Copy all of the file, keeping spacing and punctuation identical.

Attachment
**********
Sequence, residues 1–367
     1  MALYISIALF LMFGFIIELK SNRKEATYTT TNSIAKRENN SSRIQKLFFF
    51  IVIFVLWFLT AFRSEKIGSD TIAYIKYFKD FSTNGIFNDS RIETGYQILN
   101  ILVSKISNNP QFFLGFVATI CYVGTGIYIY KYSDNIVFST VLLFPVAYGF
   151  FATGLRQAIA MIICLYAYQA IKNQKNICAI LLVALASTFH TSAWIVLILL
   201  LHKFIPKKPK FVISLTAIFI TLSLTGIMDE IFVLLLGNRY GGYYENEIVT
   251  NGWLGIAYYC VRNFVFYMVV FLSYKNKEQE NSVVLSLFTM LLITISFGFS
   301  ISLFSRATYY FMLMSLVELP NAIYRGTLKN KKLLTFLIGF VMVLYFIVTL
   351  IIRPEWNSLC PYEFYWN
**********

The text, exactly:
Sequence, residues 1–367
     1  MALYISIALF LMFGFIIELK SNRKEATYTT TNSIAKRENN SSRIQKLFFF
    51  IVIFVLWFLT AFRSEKIGSD TIAYIKYFKD FSTNGIFNDS RIETGYQILN
   101  ILVSKISNNP QFFLGFVATI CYVGTGIYIY KYSDNIVFST VLLFPVAYGF
   151  FATGLRQAIA MIICLYAYQA IKNQKNICAI LLVALASTFH TSAWIVLILL
   201  LHKFIPKKPK FVISLTAIFI TLSLTGIMDE IFVLLLGNRY GGYYENEIVT
   251  NGWLGIAYYC VRNFVFYMVV FLSYKNKEQE NSVVLSLFTM LLITISFGFS
   301  ISLFSRATYY FMLMSLVELP NAIYRGTLKN KKLLTFLIGF VMVLYFIVTL
   351  IIRPEWNSLC PYEFYWN